Spain’s Interior Minister, Fernando Grande-Marlaska, today denied that the country’s facilities for rescuing and housing illegal immigrants who arrive by boat are at breaking point and insisted that the flow of migrants is “a European problem requiring a European solution”.
Grande-Marlaska was talking to the press in Algeciras (Cadiz), where he went to oversee the rescue and housing of the hundreds of immigrants who have arrived on the Cadiz coastline over the past few days.
Maritime Rescue services rescued 334 people from 17 boats in the Straits of Gibraltar and the Alborán Sea on Saturday, and have taken them to the ports of Tarifa (Cadiz) and Motril (Granada), where they have been cared for in refugee centres.
A further four immigrants – one of them a minor – arrived on Los Arenales del Sol beach, between Elche and Santa Pola in Alicante province, according to Guardia Civil sources.
In Andalucía, the Centre for Maritime Rescue in Tarifa has coordinated the rescue of 283 people from 15 boats, and the Almería service picked up the occupants of another two boats in the Alborán Sea, adding to the thousand or so rescued in the Straits of Gibraltar on Friday.
The massive influx led to authorities having to make a warehouse available to house the 422 Maghrebi and sub-Saharan immigrants waiting to be transferred to the maritime port of Tarifa, where they were finally sent by bus on Saturday night.
A further 150 people who had spent two nights sleeping on board one of the rescue boats moored in the port of Algeciras, were eventually taken to the Andrés Mateo sports centre in the town’s El Saladillo neighbourhood.
The Interior Minister blamed the former PP minister for the current migratory problems, saying “it is not something that has just been sprung upon us” and, in face of the ongoing issues, “there has been very little forward planning by the previous government”.
Grande-Marlaska pointed out that the 8,100 immigrants who arrived in makeshift boats last year represented a 170% rise on 2016 figures, and that “people knew it was going to increase in a substantial” way in 2018.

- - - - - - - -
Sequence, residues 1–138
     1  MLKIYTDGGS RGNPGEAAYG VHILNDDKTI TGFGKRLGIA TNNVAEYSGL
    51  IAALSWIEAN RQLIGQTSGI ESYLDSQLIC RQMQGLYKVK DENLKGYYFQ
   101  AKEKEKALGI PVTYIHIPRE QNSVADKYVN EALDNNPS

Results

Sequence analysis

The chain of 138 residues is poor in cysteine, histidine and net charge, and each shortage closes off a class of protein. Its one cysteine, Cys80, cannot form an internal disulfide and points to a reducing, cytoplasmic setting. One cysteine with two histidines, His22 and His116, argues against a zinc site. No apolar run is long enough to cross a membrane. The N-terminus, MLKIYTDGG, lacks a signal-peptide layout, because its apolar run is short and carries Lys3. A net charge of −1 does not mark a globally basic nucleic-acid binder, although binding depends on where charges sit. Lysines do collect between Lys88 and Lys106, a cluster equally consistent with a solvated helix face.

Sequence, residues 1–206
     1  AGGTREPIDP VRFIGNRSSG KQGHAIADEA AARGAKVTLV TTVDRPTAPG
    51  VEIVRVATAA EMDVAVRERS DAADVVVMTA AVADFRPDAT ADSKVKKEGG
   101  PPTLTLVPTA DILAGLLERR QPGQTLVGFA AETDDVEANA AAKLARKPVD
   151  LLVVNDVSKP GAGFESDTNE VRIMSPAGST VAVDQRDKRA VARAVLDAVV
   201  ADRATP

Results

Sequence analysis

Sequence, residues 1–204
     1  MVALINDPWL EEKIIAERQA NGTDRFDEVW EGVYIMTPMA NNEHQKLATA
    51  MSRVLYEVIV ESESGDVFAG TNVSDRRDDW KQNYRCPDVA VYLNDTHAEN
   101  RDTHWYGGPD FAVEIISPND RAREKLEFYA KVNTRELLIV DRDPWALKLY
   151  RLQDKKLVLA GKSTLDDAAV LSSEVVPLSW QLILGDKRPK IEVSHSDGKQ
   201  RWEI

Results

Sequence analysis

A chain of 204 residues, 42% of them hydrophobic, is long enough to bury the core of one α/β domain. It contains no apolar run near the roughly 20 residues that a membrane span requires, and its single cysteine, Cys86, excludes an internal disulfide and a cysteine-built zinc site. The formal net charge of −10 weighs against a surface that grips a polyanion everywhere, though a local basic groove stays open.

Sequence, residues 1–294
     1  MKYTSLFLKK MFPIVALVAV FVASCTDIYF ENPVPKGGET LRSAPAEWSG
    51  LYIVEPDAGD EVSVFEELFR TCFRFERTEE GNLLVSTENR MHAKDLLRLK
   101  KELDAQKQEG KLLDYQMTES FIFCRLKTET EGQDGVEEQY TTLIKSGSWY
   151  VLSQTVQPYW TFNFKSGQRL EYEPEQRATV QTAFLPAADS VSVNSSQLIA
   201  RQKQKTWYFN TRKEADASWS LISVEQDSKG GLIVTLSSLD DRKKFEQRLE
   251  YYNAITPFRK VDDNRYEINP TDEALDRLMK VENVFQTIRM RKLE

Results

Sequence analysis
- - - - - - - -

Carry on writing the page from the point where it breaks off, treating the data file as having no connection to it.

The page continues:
He also confirmed the imminent opening of a Temporary Foreigners’ Refugee Centre which the government is setting up in Campamento, in San Roque (Cadiz). It will start taking refugees on a gradual basis from August 1st and assured the public that they were working “24 hours a day” to adapt the centre so that it can house over 600 people.
The minister denied that the current arrival of immigrant boats was too much for the rescue centres to deal with and gave assurances that there was “no immigration siege” saying “the situation is controllable and we have it under control”.
In his opinion, rescuers are responding to an “exceptional” situation and are taking “all the right measures to ensure that this situation lasts the least possible time”. He also mentioned the €30 million approved by the Council of Ministers on Friday for migratory policies.
With respect to the stance taken by the Moroccan government, he said their behaviour was “totally reasonable” and pointed out that Morocco “is also suffering huge migratory influxes”.
When asked about the EU’s response to the problem, the minister insisted that the flow of migrants “is a European problem that requires a European solution” adding that “new projects are underway to protect borders and there will soon be a decision on the number of funds to be made available to tackle migratory issues directly”.